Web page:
David Preece: Behaviour is grace and sportsmanship not an act of treason or a lack of commitment

Chelsea's Eden Hazard (left) and Manchester United's Juan Mata embrace after the final whistle at Stamford Bridge
Chelsea's Eden Hazard (left) and Manchester United's Juan Mata embrace after the final whistle at Stamford Bridge
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Zlatan Ibrahimovic and his Manchester United team-mates really are a despicable bunch, aren’t they?

Zlatan, De Gea and Martial really are everything that’s wrong with football.

I mean, who on earth would even contemplate smiling after losing 4-0 to one of their bitter rivals?

If it was down to me, I’d fine them a week’s wages.

It’s disgusting really; Zlatan smiling at Eden Hazard, De Gea laughing with Pedro and Martial with his arm around Kante.

It makes me sick to my stomach to see such behaviour. You could see the distain in Ryan “Call me old fashioned” Giggs’s face as he poured scorn on the current United squad.

You would never see Roy Keane with his arm around Patrick Viera if they had just beaten United. No.

Roy would be waiting for him in the tunnel to tear him a new one because that’s what real winners do.

Of course, Zlatan was the biggest culprit of them all.

Not only did he move the corners of his mouth in a upwards direction, he committed the most heinous football crime of swapping his shirt with Hazard too.

I know. I’m thinking exactly the same thing as you. Hanging’s too good for him, right?

To be fair to some of the United players, not all of them were so pleased to have been humiliated at Stamford Bridge.

Juan Mata, on the other hand, was the model of what a winner should look like after he has lost a game. In fact, his face expressed so much disappointment and rage you’d think he’d just been asked to track a runner from midfield by Jose Mourinho.

Credit should also go to Paul Pogba, another player who conducted himself in what many former players would describe as “the United way”.

The defeat seemed to weigh heaviest on him, especially since he had “Mour is better” shaved into his head to wind up his old manager Antonio Conte and he didn’t get to “Dab” with Jesse Lingard.

All those hours of practice at home in front of his mirrored wardrobes wasted. He knew he’d let everyone down too, especially Stormzy.

And what of Mourinho? Did he react in the “United Way”? Well, I’m sure Giggsy will be delighted that Jose pulled-up Conte for his contemptuous antics inside his technical area.

Although why it’s even called a technical area is beyond me.

You hardly see any technique at all in there, apart from the odd occasion when Jody Morris nonchalantly back-heels the ball on the volley back to his player to take a throw-in.

There’s more pushing and shoving goes on in the rectangle of righteousness that perhaps it should be call “The Sumo Box” or something.

Jose was well within his rights to be upset because he didn’t like the way his opposite number was gesticulating to the crowd whilst being three and four goals to the good.

It’s not as if he would sprint down to the corner flag to celebrate a goal and disrespect a manager like Sir Alex Ferguson is it? Or even windmill his way across the Nou Camp to incense the players and staff of Barcelona.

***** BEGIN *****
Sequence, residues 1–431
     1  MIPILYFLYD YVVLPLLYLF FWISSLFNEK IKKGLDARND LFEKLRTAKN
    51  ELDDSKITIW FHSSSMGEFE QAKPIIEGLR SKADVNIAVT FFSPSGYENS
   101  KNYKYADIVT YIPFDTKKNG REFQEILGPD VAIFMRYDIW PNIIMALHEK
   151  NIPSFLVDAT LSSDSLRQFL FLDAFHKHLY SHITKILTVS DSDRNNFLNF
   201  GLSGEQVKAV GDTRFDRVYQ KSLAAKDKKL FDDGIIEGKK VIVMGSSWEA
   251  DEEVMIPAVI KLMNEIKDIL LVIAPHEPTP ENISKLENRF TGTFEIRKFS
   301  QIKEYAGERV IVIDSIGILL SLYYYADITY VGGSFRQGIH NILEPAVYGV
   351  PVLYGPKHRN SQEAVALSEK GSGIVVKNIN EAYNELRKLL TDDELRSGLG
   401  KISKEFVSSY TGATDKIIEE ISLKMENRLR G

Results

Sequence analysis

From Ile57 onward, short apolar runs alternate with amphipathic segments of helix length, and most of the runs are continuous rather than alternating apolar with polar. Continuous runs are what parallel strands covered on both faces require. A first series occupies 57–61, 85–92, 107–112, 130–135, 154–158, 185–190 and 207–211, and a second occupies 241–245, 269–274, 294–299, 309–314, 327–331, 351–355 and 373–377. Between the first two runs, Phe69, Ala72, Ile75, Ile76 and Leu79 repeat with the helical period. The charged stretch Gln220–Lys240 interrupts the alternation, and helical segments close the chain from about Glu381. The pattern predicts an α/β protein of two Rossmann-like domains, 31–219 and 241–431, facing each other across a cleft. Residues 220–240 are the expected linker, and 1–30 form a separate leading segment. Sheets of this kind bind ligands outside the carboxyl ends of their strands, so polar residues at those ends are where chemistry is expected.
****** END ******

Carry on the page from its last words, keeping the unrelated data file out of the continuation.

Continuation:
He has for too much decorum for conduct like that. It’s beneath a man of his standing. He would never poke fun or try to humiliate a fellow manager. Poke in the eye, yes. But not poke fun.

So we’re agreed then? No more smiling after a defeat. No more shirt swapping on the pitch.

That sort off offensive behaviour should be done in the privacy of the tunnel, away from the innocent eyes of children.

And definitely no gesticulating to your own fans and enjoying moments of victory in case you hurt the feelings of a manager already embarrassed by his team’s ineptitude.

Now that we’re clear about these new rules and we have eradicated such evils from the game, there’s only the more minor problems of racism, homophobia, sexism and corruption to rid from the game until Football is the utopia we all dream of and Twitter will be the joyful playground it was in 2012, its halcyon days of cheese puns and people being polite to one another.

All of the above move seem like utter nonsense to some of you but then again, so is people complain about players smiling or swapping shirts (even at halftime) and managers hypocritically complaining about the disrespectful behaviour of others to me.

They’re incidentals that have no bearing on the game whatsoever.

Do you think Zlatan smiling and swapping shirts after a game is a sign he doesn’t care? His 13 league titles tell me different.

Is De Gea’s lack of scowl a reflection of his effort and performance? United usually win because of him, not in spite.

In other arenas, after the battle is over, this kind of behaviour would be seen as grace and sportsmanship, not an act of treason or a lack of commitment.

Just as the player who screams the loudest, isn’t the one that cares the most, a player who throws a tantrum isn’t necessarily the one who is most hurt by defeat. The fight is done, slipped from your grasp.

It’s understandable fans wanting to see their disappointment reflected in faces of the players they support, but honestly, in the grand scheme of things it really doesn’t matter. Let it go.